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Zargary v. City of New York

January 26, 2010


The opinion of the court was delivered by: Richard J. Holwell United States District Judge


Pursuant to Federal Rules of Civil Procedure 59(a)(2),*fn1 59(e), 60(b)(1), and 60(b)(6), plaintiff moves to alter or amend the judgment in this case, or, in the alternative, for a new trial. For the following reasons, the Court denies the motion.

Motions for a new trial under Rule 59(a) "are committed to the sound discretion of the district court," Sequa Corp. v. GBJ Corp., 156 F.3d 136, 143 (2d Cir. 1998), and should only be granted for substantial reasons such as a "manifest error of law or mistake of fact," Ball v. Interoceanica Corp., 71 F.3d 73, 76 (2d Cir. 1995) (internal quotation marks and citation omitted). In bench trials, motions under Rule 59(e) are essentially motions for reconsideration. See White v. New Hampshire Dept. of Employment Sec., 455 U.S. 445, 451 (1982). In either case, "[i]t is well-settled that Rule 59 is not a vehicle for relitigating old issues, presenting the case under new theories, securing a rehearing on the merits, or otherwise taking a 'second bite at the apple'...." Sequa Corp., 156 F.3d at 143; see Exxon Shipping Co. v. Baker, 128 S.Ct. 2605, 2617 n.5 (2008).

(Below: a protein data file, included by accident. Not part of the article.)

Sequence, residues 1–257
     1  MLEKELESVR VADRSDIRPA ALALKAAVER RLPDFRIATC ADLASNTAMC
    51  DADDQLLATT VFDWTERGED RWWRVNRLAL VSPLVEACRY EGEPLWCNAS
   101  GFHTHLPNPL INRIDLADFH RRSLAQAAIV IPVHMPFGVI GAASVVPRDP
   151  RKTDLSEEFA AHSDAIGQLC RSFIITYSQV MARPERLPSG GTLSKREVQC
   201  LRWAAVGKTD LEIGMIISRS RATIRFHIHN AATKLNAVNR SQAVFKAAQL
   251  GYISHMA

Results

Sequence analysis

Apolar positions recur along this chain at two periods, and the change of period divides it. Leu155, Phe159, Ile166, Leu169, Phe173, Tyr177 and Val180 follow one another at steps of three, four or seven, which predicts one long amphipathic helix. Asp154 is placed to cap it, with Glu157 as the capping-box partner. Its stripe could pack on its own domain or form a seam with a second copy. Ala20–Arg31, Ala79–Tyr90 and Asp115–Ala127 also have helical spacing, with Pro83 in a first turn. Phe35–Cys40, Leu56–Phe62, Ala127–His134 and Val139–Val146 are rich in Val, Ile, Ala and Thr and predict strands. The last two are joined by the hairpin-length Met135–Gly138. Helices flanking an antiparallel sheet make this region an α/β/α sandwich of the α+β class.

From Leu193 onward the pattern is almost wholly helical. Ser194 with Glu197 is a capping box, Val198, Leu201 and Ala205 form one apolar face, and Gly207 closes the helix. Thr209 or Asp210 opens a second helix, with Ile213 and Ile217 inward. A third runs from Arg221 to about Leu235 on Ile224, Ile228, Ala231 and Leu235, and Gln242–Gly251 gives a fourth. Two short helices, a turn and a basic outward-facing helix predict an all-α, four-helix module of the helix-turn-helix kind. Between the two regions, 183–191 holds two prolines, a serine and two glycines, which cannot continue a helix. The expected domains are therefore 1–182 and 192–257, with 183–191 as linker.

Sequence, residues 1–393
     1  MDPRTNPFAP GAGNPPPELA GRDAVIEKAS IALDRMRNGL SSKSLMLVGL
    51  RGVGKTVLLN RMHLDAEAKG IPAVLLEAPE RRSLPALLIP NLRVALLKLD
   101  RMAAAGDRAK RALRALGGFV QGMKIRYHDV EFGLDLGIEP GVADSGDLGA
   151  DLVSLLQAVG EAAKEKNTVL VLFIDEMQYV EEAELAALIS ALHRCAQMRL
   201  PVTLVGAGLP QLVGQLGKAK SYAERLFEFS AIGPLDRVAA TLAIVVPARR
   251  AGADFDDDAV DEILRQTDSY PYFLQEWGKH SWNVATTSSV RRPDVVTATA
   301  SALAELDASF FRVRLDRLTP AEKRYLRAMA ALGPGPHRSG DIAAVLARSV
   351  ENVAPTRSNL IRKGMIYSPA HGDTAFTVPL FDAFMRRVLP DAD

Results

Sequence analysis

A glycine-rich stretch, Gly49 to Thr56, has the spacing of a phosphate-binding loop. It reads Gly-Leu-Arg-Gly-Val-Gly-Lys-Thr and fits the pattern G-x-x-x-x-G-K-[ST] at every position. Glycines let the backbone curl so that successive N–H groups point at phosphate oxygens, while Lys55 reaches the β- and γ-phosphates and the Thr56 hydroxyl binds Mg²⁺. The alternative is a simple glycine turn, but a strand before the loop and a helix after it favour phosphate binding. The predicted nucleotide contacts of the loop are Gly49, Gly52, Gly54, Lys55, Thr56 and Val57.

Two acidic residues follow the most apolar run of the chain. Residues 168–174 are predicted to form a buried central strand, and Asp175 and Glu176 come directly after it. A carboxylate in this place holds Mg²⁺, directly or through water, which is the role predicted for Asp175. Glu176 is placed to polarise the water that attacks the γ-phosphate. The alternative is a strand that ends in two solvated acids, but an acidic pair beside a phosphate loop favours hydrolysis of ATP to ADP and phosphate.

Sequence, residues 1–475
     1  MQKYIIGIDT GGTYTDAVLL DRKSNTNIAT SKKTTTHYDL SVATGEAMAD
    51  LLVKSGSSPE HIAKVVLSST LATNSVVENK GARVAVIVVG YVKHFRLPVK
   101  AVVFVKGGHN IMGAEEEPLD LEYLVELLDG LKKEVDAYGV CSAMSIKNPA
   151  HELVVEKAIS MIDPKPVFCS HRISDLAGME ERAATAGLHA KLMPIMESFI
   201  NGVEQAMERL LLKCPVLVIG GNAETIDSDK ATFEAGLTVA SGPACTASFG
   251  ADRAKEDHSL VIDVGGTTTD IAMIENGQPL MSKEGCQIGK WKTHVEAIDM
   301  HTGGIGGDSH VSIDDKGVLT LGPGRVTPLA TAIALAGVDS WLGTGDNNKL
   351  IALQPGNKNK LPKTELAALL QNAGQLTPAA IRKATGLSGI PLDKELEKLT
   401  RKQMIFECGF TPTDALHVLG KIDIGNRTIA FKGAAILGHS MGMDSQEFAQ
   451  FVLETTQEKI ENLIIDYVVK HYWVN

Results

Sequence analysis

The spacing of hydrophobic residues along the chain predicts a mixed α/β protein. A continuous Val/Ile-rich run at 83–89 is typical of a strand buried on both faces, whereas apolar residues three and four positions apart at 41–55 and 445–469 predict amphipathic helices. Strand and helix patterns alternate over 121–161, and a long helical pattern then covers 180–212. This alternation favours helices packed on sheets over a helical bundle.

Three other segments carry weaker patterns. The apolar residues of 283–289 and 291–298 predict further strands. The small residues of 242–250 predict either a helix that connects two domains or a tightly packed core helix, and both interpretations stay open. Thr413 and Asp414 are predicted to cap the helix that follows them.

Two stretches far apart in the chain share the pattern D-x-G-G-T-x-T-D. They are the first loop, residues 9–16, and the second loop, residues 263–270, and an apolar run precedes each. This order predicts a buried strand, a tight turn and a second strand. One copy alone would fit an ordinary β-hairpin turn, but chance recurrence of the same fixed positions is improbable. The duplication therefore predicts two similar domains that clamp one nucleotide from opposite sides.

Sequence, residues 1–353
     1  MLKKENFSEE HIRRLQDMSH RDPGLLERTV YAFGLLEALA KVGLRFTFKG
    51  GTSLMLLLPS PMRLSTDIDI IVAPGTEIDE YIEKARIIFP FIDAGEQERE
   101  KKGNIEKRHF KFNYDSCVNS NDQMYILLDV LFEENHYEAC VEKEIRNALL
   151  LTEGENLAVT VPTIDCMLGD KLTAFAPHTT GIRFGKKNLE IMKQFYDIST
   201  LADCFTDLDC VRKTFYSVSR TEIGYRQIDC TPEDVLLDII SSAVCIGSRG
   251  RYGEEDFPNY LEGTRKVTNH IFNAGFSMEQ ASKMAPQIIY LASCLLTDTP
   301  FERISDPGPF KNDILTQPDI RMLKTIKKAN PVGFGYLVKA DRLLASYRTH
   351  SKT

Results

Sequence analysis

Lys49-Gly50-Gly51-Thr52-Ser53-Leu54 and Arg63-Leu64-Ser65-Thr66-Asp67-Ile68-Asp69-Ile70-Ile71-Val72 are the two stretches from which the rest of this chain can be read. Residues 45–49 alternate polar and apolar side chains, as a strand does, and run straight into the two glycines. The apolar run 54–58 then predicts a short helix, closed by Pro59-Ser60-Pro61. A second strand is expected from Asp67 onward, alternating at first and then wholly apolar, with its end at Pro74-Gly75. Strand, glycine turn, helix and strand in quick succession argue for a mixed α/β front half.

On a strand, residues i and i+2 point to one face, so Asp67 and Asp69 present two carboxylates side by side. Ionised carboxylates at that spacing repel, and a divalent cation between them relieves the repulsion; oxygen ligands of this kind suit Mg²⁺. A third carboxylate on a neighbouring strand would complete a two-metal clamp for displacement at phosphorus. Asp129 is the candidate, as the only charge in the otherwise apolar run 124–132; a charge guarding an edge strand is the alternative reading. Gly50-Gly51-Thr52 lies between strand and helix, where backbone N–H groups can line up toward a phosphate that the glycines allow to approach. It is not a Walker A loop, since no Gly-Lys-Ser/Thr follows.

By way of background, a one-day bench trial was held in this matter on July 30, 2008. The sole issue remaining for trial was whether defendant New York City ("the City") had municipal liability under Section 1983 because Department of Corrections ("DOC") officers had removed plaintiff's religious headdress prior to taking an intake photograph at a prison facility subsequent to her arrest.*fn2 See generally Michael G. Collins, Section 1983 Litigation 100--119 (3d ed. 2006). Plaintiff's underlying constitutional claim arose under the Free Exercise Clause whereby plaintiff asserted that the municipal custom or practice of removing a religious head covering before intake photographs were taken impinged upon her religious freedom and was not "reasonably related to legitimate penological interests." Salahuddin v. Goord, 467 F.3d 263, 274 (2d Cir. 2006) (internal quotation marks and citation omitted). By Memorandum Opinion and Order dated April 20, 2009 ("the Opinion"), the Court granted judgment to the City, finding that legitimate penological interests were served by the DOC's reasonable procedure for photographing detainees. Familiarity with the Opinion is presumed.